Reputation management was traditionally thought to be a passive strategy used when things went wrong at a company. However, if companies of all sizes want customers to trust and buy from them, they must have a proactive reputation management plan that prioritises continual communication and openness.
A poll of 1,500 internet consumers revealed the following conclusions about which aspects of a brand’s reputation matter most to customers:
• The most effective strategy to increase customer trust is to improve online reputation. More than 93% indicated they checked reviews before purchasing something online from a new firm.
• When unfamiliar with a firm, over 62% of internet consumers search for it, and few are inclined to buy if bad reviews appear on the first page of the search results.
• 48% of internet consumers said they would suggest a brand to others based on its social conscience.
• 83% of Gen Z’s, the next generation of consumers, indicated they would tell others not to buy from a company with a terrible reputation.
In a PPM context, how do you verify trustworthiness?
Protection of personal information
Verifying your website is the initial step. Clients are becoming increasingly conscious of the information they post online and how competitors might use it against them. One statement concerning SSL-encrypted material is not enough — many internet users have no idea what it implies, and others will believe it is not enough. As a result, reassuring your visitors that their information is secure and will not be shared with third parties will earn their confidence.
Websites that review software
Customers can give star ratings and reviews on software review sites to establish credibility and pricing and feature comparisons with other suppliers, making them essential resources for software providers. As a result, it is crucial for auditing, as suppliers may twist the reality to make themselves appear better than their competitors.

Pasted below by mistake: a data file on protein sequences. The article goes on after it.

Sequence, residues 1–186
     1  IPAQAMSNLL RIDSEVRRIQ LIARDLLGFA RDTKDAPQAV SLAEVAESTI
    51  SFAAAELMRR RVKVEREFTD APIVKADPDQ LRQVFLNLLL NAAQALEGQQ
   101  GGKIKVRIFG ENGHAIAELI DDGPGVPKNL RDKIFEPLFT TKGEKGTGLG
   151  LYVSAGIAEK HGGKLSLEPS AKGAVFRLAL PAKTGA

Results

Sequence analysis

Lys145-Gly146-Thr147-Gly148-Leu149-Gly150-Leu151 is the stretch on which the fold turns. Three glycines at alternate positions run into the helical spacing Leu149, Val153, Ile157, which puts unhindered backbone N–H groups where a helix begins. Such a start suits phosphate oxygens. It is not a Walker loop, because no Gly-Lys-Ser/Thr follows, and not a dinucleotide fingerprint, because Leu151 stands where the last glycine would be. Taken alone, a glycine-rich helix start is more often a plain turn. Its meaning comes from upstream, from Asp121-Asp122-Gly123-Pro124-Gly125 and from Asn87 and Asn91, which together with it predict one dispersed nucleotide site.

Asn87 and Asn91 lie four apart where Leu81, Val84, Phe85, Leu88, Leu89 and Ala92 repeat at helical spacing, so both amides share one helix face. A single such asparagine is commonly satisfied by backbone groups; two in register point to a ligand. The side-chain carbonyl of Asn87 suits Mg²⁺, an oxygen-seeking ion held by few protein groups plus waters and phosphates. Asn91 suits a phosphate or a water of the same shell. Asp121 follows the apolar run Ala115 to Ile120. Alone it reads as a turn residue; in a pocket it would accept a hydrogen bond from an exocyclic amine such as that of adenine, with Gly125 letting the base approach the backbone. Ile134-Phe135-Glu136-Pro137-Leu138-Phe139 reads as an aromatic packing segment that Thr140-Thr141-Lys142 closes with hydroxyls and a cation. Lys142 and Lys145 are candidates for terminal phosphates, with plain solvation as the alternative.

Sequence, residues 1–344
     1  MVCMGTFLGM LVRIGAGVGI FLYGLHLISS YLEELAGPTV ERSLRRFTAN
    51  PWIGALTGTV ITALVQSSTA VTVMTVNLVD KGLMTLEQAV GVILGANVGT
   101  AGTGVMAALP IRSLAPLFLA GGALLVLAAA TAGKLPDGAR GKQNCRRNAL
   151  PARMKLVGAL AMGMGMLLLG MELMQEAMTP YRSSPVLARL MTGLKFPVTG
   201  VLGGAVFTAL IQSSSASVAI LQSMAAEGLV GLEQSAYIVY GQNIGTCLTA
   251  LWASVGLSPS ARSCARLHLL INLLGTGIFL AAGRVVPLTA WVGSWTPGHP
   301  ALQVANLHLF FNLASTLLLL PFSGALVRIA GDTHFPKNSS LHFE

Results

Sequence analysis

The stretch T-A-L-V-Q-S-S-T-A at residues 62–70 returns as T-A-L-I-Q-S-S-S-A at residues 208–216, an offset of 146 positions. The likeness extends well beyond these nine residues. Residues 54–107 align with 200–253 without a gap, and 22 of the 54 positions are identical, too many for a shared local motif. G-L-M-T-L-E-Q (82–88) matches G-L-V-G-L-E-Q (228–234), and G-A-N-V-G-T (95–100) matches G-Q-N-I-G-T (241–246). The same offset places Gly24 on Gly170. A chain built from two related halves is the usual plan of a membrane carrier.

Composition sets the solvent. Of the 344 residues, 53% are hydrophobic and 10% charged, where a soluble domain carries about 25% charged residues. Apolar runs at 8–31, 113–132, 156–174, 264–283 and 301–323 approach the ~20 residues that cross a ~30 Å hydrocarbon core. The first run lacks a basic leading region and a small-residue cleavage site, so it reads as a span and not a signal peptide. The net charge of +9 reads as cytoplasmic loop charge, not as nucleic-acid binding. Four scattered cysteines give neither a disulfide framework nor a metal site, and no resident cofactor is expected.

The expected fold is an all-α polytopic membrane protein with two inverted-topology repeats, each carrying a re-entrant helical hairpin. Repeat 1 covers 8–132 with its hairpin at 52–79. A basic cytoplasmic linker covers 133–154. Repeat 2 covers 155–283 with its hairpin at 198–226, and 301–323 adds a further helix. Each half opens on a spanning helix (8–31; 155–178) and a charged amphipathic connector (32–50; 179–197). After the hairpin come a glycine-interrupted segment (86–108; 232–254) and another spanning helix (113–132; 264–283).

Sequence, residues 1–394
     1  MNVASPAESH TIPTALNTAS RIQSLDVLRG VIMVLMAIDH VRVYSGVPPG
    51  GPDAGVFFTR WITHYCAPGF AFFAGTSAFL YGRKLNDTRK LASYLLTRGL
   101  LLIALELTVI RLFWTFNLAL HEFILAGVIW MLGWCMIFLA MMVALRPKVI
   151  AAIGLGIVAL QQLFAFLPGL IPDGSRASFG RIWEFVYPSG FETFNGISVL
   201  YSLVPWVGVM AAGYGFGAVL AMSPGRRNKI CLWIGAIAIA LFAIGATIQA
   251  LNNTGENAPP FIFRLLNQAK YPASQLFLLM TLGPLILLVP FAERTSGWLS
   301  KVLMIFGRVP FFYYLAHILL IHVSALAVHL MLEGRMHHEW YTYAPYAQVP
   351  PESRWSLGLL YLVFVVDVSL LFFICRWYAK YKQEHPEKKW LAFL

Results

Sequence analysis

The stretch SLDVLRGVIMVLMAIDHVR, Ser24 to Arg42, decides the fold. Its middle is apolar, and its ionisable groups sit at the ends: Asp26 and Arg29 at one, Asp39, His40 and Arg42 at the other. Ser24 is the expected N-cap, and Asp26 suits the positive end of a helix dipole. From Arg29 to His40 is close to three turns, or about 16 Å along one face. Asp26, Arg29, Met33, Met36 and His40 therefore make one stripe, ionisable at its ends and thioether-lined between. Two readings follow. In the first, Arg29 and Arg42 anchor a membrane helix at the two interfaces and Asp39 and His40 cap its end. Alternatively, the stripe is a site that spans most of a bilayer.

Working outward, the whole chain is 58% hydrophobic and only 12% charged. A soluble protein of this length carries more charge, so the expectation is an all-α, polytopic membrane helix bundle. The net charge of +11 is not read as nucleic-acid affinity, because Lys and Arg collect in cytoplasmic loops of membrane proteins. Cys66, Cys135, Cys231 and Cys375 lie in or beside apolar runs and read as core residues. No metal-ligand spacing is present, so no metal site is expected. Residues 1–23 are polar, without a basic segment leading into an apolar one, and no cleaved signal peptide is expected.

Capterra is one of the most prominent software review websites. To view an example, go to our page to compare us to other suppliers.
In an era where many businesses go bankrupt unexpectedly, more enterprises seek to reassure their clients that they are financially secure. A third-party or independent entity’s verification is a persuasive argument for potential partners.
Companies House, for example, is a government website that allows you to do a more in-depth background check on a company. This is an excellent technique to analyse your provider’s financial viability and identify any red flags.
Business partners’ certificates
For potential clients, certificates are a clear indication. You may boost your company’s credibility by displaying a suitable emblem on your website — the larger the issuer, the more convincing the certificate. It also reduces the number of steps a potential client must complete. As a result, consumers have fewer options to alter their minds about purchasing on our site, and we can assure them that clicking “purchase now” is entirely safe.
For example, Execview is ICO 27001 certified, proudly shown on our website. This is the industry standard for ensuring data security on your projects.